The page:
The quotes, the data, the descriptions and the research are all cornerstones of a great public radio story. But oftentimes it’s that short piece of audio of a cool machine or children playing — we call it ambi in the radio news biz — that pulls it all together.
Several MPR News reporters recently shared some of their favorite audio clips from 2019:
This is the sound of me gutting a deer in rural northwestern Minnesota. This year, hunters collected hundreds of deer spleens for a state research study.
I tried to write the story before the start of hunting season, but if you're going to do a story about gathering deer spleens, you should really gather some actual deer spleens. That's what I did. I went hunting in the same place I always do, thinking I'd get some tape of my hunting buddies gutting their deer. But then I was the only one who shot anything, so I had to gather tape while also gathering spleens.
It was not easy, and not clean, but I personally believe this tape made the story. Also, I learned many valuable things. One of those lessons is that it’s impossible to gut a deer and gather tape, without getting blood on your expensive radio equipment.
My favorite stories are those that touch on what’s uniquely Minnesotan, and this really spoke to me as I learned about the origins of this Native American tradition. But I also got to literally walk among the dancers at the pow wow in Hinckley, see some of the very earliest examples of the dresses at the Mille Lacs Indian Museum and talk with one of the nation’s premier scholars on Native American history, as well as a prolific jingle dress artist.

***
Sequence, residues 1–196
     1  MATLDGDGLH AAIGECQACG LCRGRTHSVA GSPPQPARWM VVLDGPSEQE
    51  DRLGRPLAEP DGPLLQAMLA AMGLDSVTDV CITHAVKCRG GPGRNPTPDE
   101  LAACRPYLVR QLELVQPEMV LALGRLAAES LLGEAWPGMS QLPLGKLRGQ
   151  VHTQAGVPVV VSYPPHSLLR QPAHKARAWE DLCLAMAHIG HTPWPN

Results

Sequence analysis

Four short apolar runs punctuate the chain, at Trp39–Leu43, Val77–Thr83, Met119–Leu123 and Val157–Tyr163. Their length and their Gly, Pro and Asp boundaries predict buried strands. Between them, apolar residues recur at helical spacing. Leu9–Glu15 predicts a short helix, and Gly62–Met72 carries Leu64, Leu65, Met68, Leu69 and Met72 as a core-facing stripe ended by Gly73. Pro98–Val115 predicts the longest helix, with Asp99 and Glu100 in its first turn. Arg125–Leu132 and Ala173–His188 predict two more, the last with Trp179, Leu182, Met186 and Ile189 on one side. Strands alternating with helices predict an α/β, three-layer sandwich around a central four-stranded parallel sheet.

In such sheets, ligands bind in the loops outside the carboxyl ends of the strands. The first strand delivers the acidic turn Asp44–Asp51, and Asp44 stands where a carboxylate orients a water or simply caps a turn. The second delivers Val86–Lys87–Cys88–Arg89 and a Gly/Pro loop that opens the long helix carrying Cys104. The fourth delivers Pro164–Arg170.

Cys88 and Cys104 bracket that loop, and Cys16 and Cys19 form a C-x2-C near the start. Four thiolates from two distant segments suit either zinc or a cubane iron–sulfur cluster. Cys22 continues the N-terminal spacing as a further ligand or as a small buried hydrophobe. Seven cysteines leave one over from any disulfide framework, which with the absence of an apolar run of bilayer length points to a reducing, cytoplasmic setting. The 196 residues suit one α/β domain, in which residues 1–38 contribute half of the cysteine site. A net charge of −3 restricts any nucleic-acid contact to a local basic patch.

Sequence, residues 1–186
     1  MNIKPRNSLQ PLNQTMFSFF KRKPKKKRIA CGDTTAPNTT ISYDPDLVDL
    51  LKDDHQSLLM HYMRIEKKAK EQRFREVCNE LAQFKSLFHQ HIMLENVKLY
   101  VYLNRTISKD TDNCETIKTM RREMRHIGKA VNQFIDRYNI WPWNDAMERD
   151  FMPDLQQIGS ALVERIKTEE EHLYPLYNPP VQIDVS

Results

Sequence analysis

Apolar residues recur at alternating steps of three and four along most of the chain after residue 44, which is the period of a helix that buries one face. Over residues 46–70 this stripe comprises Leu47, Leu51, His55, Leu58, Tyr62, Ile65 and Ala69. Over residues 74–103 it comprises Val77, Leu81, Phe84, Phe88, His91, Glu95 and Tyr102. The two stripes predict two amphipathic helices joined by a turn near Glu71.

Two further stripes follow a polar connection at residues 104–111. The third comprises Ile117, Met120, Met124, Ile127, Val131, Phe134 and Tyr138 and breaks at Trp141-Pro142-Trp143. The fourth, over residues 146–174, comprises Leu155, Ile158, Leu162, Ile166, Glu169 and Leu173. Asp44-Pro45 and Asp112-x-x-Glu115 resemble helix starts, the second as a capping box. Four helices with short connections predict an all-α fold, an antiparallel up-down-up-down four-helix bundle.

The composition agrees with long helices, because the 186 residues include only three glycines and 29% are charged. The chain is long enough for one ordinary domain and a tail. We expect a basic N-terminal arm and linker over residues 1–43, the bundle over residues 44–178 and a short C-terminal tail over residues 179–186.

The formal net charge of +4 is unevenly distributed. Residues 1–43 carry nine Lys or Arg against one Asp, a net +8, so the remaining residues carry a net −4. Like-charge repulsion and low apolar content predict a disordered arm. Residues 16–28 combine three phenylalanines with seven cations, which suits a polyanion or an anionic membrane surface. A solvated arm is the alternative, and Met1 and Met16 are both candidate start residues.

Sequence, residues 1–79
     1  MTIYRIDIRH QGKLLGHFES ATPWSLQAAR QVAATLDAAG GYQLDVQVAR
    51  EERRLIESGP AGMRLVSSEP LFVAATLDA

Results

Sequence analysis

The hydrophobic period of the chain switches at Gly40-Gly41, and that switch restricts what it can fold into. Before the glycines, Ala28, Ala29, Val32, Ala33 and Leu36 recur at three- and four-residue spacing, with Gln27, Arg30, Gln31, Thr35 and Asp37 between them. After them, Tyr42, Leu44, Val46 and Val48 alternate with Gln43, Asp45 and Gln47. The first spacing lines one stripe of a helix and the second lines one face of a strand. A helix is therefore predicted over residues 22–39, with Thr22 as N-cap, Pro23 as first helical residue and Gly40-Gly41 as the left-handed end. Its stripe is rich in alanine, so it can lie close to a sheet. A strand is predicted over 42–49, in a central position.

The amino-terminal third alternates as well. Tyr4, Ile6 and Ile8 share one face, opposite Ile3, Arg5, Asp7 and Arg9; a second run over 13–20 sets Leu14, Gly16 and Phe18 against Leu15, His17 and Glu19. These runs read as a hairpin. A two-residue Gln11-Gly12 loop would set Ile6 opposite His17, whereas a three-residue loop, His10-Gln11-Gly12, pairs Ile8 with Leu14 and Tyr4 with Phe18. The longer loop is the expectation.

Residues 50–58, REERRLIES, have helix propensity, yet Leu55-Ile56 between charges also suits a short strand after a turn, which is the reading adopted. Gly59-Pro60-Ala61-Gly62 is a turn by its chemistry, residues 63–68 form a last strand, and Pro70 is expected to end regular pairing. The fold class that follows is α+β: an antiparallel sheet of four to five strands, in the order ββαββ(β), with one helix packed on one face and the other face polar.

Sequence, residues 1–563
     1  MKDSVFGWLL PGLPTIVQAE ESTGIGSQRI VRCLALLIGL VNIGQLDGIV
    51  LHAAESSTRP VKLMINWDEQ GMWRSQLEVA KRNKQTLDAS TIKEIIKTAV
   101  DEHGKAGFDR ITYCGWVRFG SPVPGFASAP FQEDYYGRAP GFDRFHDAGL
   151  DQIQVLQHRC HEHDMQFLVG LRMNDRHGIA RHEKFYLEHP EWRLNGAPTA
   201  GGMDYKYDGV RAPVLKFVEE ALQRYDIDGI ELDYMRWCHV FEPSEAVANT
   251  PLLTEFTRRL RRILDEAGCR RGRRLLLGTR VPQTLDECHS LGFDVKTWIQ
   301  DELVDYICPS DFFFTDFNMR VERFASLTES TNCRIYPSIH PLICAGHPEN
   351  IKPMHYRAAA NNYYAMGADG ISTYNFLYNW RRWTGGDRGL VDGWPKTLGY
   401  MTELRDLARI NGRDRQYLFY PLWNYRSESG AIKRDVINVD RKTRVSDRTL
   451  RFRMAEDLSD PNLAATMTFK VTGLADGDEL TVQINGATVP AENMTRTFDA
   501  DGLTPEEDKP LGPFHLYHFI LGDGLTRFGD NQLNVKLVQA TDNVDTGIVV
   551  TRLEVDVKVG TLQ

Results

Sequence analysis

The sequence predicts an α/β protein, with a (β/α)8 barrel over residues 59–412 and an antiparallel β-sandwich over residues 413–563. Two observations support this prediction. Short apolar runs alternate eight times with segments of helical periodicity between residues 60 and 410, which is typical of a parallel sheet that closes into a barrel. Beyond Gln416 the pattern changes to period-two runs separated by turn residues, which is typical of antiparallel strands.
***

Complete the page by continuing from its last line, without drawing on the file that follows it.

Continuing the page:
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We have some bonus sound from Tim Nelson, who in August, did a story on the 50th anniversary of a State Fair staple: The Giant Slide.
You might assume that the sound of a person laughing or screaming as they ride down would be the top audio selection. But when Nelson was gathering tape for this story, his microphone caught something a little more distinct: the overhead announcement that greets riders as they work up the courage to glide down the steep slope.
I included the sound of Fred Strand, a volunteer with the Minnesota DNR, leading me through the nests of literally thousands of breeding pairs of ring-billed gulls, on Interstate Island in the St. Louis River estuary in the Duluth-Superior harbor.
As you can hear, they were NOT happy we were there. We had to carefully weave in and around their nests in the sand, which cupped their speckled eggs. They swooped down at us. We wore hard hats to protect our heads (and towels around our necks to keep us clean, if you know what I mean).
We were there to see how the DNR was trying to protect the endangered common tern, which nests in a protected enclosure in the center of the island.
In the fall, certified nature and forest therapy guide Leah Horton led a group through Crosby Farm Park in St. Paul for an experience known as “forest bathing.” It’s a Japanese practice adapted slightly for the U.S. where people walk slowly through nature.
Research finds there are both physical and mental health benefits to soaking in the sights and sounds experienced among the trees.
Horton and the entire group took brief delight in an unexpected interaction between her guided experience and the outside world.
This audio was gathered while producing a story that aired in June about a scientist seeking respect for a fish long considered “junk” in Minnesota.
I like this sequence because it captured the tension between anglers who like to shoot fish for fun, and the scientist collaborating with those anglers in an attempt to protect the fish.
I covered the funeral for Kort Plantenberg, one of three Minnesota National Guard members killed in the December helicopter crash. It was a very cold day. The families of the crewmen killed in the crash had asked that media not attend the funeral itself, so I stood with a few other reporters a respectful distance away, across the street from St. John's Abbey Church.
We were allowed to watch the honors ceremony that took place after the funeral. It was very quiet as pallbearers carried the flag-draped casket down the steps. I think everyone observing was deeply moved by the bugler's beautiful rendition of taps. It was a very solemn moment I will not forget.